I don't think location matters for Biglaw either. I do not think there are many tier 3/4 grads working in Biglaw. If that is someone's goal then attending a tier 3/4/ school is a bad idea. If someone wants to be an Assistant District Attorney or something along those lines then location matters. That seems more along the line of employment tier 3/4 grads can expect.

I think if you go to a t14 school your degree is national and you can go anywhere so as you said. This makes location a moot point. Everyone knows about Harvard, but outside of San Francisco and even inside of it GGU is not that well known. If I were to go New York and say I went to GGU I woudl be willing to bet 90% of people would never have heard of it. On the flip side if someone from Cardozo or Touro came to San Francisco nobody would have heard of it.

Columbia, Stanford, Berkeley, NYU, Harvard, etc are known everywhere. So as you said location is a moot point. The OP is probably not considering those schools and for tier 2/3/4 students I think location is one of the most important things to consider. This is essentially because that is where you are going to end up working. To confirm I checked out LSAC I only looked at two schools, but I imagine the same thing would apply. University of Akron's employment stats indicate 79.5 of graduates are employed in state. While 11% of Harvard grads were employed in state. Essentially if you are choosing a school that is not nationally known you are likely going to be tied to that location. There are exceptions of course, but a degree from Akron, GGU, Santa Clara, Hamline, etc is not that portable and you will likely be in the area you graduated from.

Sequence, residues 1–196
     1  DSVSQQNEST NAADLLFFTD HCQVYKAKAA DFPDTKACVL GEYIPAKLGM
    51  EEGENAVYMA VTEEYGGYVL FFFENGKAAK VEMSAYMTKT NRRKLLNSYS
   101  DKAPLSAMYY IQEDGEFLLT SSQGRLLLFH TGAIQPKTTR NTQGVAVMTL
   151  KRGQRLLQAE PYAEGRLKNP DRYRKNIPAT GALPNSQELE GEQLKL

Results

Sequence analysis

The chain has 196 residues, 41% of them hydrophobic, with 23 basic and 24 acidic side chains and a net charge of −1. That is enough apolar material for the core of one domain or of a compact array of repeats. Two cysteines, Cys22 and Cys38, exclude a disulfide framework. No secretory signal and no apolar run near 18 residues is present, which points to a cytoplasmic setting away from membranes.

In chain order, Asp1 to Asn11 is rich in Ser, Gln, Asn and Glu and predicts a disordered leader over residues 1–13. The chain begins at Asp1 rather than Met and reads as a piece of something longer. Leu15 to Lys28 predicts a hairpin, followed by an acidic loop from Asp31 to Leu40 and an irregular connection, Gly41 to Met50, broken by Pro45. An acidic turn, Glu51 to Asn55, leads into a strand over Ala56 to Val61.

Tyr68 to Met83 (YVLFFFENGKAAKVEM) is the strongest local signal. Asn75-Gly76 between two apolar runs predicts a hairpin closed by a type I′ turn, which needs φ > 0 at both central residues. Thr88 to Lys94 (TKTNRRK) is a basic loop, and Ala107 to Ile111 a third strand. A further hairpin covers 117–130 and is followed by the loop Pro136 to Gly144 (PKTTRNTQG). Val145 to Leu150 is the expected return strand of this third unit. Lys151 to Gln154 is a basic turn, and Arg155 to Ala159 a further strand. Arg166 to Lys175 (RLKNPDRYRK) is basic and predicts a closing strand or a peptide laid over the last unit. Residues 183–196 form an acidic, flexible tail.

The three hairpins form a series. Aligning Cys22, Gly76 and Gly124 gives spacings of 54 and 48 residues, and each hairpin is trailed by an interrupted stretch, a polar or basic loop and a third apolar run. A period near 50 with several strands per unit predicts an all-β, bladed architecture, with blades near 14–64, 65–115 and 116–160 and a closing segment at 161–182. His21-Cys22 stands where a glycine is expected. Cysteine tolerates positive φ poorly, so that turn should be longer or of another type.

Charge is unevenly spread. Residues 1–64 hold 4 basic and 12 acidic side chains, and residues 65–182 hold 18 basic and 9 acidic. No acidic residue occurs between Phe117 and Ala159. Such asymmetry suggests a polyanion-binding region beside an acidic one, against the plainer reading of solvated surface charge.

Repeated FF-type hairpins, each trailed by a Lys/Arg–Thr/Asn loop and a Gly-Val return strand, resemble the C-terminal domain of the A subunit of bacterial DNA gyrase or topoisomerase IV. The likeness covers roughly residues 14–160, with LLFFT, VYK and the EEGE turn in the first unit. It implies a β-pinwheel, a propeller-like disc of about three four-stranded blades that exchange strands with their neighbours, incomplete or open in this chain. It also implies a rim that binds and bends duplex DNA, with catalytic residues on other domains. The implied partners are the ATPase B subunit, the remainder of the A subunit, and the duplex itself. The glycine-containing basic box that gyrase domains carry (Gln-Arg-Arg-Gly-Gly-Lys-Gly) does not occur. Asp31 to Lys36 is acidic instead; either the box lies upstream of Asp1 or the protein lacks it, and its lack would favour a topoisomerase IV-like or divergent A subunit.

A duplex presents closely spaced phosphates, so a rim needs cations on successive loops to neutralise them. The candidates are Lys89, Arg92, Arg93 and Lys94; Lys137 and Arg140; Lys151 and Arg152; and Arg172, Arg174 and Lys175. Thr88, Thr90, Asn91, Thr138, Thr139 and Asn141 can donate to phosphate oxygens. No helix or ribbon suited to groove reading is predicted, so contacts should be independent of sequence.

Title: Re: New England Law Boston?
Post by: the white rabbit on January 26, 2011, 02:22:15 AM
I was just accepted into New England Law in Boston. Still waiting to hear back from Widener and St. John's. I can't find much online about New England Law reviews... Is it a good school? Also got into Barry University and Florida Coastal but may decline those for New England...

What do you mean by "a good school?"  Is a school that teaches you enough to pass the bar "a good school" (as bigs seems to suggest)?  Are you looking for a school that will provide a good return on investment in terms of your earning capacity?  Are you exceptionally wealthy and just looking for a degree to hang on your wall?  I know it seems a little silly to ask, but the answer to your question depends on what you mean by "good."